This January while we will be focused on reducing our waistlines of course, many folks will also be focused on reducing their debts too. So in the spirit of January let’s go over some different ways to reduce our everyday spending and eliminate our bad debts. First of all, always, always pay off higher interest debt first but remember to make your minimum payments on the other debts so not to negatively affect your credit score.
I know that Christmas is over and a new year has begun but I want to mention a few things you can use when planning for next Christmas. Rewards points…if you are in a position where you pay off your credit cards every month, make sure you have a card that rewards you. I let my rewards rack up all year round and then when next Christmas arrives I redeem my points for gifts and gift cards! It takes the sting out of the Christmas spending ding!
Also, keep an eye out all year round for sales on stuff your loved ones will adore. This keeps the family and friends happy and keeps you in line with your budget. One more thing, when you are out shopping, check your bills. Since I’ve started doing this over the past year I have found several mistakes on bills that had to be reimbursed. Make sure you review your bank and credit card statements every time they roll in. Between glitches in computer software, human error and fraud, stuff happens and no one else is going to look after your financials.
Looking ahead, we should be looking at our monthly and yearly budget. Budgeting 101 would require us to take our monthly net income (after tax deduction income) and deduct all of our fixed payments like our rent/mortgage, utilities, car payment, insurances etc. We then will look at the balance and budget for our groceries, entertainment, clothing etc. You can find excellent budgeting templates online or make your own. Doing a budget will require you to look back at your previous year and see where you spent your hard earned dough! It’s amazing to find the little things that you can cut out without even feeling it!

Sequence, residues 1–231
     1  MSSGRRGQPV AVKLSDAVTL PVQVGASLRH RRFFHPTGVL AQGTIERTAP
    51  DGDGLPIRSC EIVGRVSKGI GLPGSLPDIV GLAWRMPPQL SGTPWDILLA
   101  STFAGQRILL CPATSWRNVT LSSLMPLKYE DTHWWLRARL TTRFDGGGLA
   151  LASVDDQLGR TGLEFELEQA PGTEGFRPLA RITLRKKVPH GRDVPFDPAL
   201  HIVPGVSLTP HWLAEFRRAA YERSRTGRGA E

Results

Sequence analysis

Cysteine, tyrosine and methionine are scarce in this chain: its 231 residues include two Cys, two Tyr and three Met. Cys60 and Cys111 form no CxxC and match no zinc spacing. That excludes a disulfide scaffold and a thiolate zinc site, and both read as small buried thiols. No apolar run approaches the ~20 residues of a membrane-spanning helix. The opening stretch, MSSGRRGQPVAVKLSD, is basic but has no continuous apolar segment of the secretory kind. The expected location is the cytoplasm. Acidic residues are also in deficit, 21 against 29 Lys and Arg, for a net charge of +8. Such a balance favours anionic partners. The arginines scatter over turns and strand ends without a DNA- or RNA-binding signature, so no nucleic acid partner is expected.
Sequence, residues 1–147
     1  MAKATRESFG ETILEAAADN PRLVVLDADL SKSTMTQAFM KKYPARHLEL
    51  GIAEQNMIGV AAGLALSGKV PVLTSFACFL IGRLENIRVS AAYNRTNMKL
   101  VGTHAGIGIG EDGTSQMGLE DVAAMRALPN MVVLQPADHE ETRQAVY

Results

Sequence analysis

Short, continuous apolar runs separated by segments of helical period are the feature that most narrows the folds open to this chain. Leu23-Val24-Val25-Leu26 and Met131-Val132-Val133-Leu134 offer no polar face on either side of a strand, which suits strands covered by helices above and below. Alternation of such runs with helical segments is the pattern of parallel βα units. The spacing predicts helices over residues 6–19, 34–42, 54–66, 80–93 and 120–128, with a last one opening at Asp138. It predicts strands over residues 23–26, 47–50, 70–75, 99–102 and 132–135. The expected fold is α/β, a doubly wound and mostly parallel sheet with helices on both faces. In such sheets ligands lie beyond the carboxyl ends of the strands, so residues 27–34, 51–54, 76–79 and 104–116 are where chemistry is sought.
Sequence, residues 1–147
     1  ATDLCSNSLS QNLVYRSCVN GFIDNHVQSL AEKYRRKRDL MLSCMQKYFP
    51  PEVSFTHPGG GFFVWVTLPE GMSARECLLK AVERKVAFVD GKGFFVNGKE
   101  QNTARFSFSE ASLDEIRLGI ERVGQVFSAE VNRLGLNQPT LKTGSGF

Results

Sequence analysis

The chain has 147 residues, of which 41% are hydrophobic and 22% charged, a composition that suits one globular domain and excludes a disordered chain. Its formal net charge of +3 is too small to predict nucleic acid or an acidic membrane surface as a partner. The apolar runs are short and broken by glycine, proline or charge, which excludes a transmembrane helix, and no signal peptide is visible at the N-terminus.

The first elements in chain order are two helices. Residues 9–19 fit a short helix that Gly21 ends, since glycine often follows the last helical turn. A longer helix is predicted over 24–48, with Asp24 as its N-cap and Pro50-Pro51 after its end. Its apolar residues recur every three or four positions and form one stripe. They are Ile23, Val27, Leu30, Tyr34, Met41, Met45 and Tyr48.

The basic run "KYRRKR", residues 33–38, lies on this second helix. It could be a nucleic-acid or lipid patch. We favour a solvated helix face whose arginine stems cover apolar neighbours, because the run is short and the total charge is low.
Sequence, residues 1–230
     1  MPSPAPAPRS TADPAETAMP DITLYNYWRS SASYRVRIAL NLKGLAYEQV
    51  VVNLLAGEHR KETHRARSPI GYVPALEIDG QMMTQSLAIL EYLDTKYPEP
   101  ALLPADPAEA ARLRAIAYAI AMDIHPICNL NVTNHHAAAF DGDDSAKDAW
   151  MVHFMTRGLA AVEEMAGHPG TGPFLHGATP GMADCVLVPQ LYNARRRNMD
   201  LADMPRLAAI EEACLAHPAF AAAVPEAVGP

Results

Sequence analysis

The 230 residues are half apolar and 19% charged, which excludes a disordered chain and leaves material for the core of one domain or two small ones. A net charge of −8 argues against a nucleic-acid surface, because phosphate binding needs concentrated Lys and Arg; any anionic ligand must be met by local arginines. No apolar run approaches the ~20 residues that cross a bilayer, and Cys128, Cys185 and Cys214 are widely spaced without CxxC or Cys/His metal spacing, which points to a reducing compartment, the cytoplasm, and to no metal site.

When it comes to our everyday spending we need to realize that the regular stop for coffee or lunch on a daily basis is adding up to a whole lot! Think about it, if you were to spend $5-$10 per day for 4-5 days a week on eating out, in a year that could be put toward that student loan that’s been lingering or pay for that holiday you’ve dreamed about but just can’t afford! I don’t want to say stop eating out all together because for most people that just isn’t realistic, but do consider packing a lunch at least half the week and you will save. A healthy budget includes room for eating out and entertainment. When you do stop for a lunch or a cup of coffee consider buying local. When we buy local we are directly supporting our local economy and we all win!
It’s the perfect time of year to review. Review your bank accounts, review your insurance. Review the previous year’s spending to see where you can cut back. Maybe it’s beneficial for you to cut back on your TV channel plan, phone plan or change the plans on your bank account so you aren’t paying so many fees. What can you do to reduce your spending and have a clearer understanding of your money?
I have met so many people who simple get overwhelmed and give up when it comes to personal finances. It doesn’t have to be that way. Educate yourself so that you can make the right spending decisions and show others how to do the same.
You are responsible for your financial well being and if you need advice, seek it! Life is so much better without the stresses of not being able to make ends meet. So here’s to making 2012 a financially healthy year - start with baby steps and you will end up with wonderful results!
Dec 5, 2011 / 5:00 am
Have you ever read the small print on your credit card statement? NOW is the time to start.